The water vapor content of outdoor air is the key driver causing seasonal changes in the humidity levels in your residence and hence the magnitude of drying stresses on skin. In fact, because climatic patterns differ across the US, skin-care practices will also vary. The adjacent chart shows the annual average water vapor levels (also known as absolute humidity) in selected cities located in climates ranging from dry to humid. Miami stands out with its elevated water vapor level, which means of course that if you live there your skin’s higher hydration will reduce the potential for dry skin formation. In contrast, living in the Denver metro area with its low water vapor levels would mean that a much greater effort is needed to maintain skin hydration.
Dry Skin Meteorology
Perhaps even more interesting than differences in the annual averages in water vapor levels are the climatologic events that can increase drying stresses on skin. As an illustration, the annual average absolute humidities for Los Angeles and Atlanta are comparable, but the seasonal trends in water vapor levels are quite different. The adjacent chart for Atlanta shows distinct seasonal trends in hourly water vapor concentrations that are punctuated with multiple drying pulses (and wet periods too), particularly in the Fall months. On the other hand, the seasonal changes for Los Angeles are not as distinct, yet there are pronounced drying trends that occur intermittently that drive down the water vapor levels. You can also compare the Google Trends search results for "Dry Skin" for these cities during 2016 with the water vapor levels.
If you’ve ever wondered why you experience drier skin during different times of the year, these charts indicate that meteorologic events (e.g., high pressure area with cold, dry air) can contribute to drier indoor air that in turn can increase the potential for dry skin formation. The magnitude of the associated drying stresses and your skin’s hydration level also depend on the properties of your residence (e.g., building materials, water vapor sources, etc.) and biochemical response(s) of your skin to dry air (which change with age).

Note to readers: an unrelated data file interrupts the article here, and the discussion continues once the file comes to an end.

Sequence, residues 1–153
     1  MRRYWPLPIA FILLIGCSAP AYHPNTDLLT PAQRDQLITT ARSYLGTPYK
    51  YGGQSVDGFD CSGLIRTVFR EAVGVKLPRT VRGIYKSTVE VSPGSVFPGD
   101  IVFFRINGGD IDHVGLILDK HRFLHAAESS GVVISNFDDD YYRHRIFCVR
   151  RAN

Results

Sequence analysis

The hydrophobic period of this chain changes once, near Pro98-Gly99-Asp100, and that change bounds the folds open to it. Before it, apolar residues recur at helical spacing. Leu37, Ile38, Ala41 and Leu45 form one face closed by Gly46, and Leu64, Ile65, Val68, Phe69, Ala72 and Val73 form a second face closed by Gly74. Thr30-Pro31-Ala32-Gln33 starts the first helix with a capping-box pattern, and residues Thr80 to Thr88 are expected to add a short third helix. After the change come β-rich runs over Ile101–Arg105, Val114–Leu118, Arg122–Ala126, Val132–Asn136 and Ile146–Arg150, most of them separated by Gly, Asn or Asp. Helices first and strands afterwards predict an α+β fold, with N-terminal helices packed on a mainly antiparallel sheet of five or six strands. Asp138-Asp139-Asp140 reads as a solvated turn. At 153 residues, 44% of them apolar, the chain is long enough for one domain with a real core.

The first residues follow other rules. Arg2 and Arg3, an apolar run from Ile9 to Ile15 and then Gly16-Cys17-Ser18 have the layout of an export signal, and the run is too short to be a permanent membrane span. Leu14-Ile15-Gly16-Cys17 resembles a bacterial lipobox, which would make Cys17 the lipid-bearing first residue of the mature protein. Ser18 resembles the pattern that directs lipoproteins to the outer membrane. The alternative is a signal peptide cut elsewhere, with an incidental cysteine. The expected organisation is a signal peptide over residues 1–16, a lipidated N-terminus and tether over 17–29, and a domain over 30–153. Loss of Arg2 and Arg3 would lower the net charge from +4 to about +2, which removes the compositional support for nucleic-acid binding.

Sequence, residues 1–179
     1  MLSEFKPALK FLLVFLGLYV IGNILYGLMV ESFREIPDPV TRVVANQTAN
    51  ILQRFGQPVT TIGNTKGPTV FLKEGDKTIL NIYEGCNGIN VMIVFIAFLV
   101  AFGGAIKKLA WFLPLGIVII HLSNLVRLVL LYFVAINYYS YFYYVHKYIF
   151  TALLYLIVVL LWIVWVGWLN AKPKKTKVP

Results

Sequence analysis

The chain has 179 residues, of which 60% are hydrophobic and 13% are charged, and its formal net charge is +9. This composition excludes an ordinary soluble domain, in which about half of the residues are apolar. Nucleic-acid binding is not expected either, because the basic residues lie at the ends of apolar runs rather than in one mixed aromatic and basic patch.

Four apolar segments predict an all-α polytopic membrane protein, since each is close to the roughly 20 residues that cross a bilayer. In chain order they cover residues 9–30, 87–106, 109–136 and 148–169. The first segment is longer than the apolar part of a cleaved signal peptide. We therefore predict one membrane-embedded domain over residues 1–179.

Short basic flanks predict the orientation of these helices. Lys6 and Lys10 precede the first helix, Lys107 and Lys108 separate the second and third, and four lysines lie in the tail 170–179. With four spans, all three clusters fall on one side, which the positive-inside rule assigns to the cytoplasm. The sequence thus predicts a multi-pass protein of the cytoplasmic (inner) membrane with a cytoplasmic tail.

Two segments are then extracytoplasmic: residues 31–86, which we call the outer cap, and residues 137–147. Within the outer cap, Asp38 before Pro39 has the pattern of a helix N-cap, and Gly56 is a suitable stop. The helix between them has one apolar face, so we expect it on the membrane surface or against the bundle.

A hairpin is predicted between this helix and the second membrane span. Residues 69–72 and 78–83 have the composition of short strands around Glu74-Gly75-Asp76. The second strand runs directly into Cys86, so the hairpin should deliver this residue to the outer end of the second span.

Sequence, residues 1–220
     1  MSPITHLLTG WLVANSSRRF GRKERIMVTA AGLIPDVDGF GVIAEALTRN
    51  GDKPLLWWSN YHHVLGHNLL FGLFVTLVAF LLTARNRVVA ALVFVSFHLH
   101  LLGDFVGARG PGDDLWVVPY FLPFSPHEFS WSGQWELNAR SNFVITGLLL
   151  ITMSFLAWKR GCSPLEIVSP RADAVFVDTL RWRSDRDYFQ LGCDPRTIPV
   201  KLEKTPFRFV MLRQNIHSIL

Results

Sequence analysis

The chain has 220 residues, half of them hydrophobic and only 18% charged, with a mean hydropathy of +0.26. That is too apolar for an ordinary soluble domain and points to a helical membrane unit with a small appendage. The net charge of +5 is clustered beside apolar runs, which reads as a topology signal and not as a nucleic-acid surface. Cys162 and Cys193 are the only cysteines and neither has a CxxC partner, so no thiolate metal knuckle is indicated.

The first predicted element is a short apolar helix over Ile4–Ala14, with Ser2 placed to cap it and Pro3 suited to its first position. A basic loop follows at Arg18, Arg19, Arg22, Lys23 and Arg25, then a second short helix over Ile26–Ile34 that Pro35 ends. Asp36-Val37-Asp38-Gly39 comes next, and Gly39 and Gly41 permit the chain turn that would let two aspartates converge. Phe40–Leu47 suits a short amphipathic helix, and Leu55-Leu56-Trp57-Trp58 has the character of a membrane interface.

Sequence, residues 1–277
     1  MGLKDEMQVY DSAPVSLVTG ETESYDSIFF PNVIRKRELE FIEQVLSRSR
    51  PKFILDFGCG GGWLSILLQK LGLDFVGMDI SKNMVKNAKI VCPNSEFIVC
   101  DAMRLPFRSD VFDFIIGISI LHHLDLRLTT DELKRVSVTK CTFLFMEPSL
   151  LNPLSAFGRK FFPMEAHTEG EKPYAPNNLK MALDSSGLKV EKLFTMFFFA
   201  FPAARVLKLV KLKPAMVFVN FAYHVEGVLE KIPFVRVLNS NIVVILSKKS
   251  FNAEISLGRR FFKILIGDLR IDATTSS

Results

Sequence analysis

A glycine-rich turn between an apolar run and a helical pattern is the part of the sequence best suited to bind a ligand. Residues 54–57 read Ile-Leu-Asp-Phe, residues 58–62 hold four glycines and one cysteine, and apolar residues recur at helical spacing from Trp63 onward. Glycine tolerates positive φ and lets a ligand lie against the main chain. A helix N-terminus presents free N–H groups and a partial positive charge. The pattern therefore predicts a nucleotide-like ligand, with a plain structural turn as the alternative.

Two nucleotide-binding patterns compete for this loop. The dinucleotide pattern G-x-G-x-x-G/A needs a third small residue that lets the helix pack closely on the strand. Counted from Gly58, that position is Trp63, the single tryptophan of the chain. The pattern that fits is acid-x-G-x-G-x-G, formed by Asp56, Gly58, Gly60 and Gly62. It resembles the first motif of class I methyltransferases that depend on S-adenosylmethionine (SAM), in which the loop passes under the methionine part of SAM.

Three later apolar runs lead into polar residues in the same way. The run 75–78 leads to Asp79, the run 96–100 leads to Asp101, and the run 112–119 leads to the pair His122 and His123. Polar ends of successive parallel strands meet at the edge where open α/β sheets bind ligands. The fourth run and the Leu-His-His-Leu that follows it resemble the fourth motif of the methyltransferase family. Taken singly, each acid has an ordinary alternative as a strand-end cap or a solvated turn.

To ensure that you are not caught off guard by drying trends or periodic meteorologic events that lead to increased drying stresses indoors, we are continuing the development of the DSI Sense sensor that measures the Dry Skin Index from indoor and temperature and humidity. Now that the beta testing is completed, we are working on the final design requirements. You can sign up to keep informed about the next steps for the sensor—we hope you’ll be surprised!
- Each climatic region of the US displays unique characteristics that will influence your skin care practices aimed at preventing the formation of dry, flaky skin. For example, a resident of Denver dealing with dry skin would want to use both moisturizers and a room humidifier because of the low levels of water vapor in air.
- Periodic incursions of dry air into the urban atmosphere where you live will alter indoor humidities and hence drying stresses on your skin. However, since you can't sense these subtle changes, an indoor sensor that measures the Dry Skin Index would help inform your skin care practices.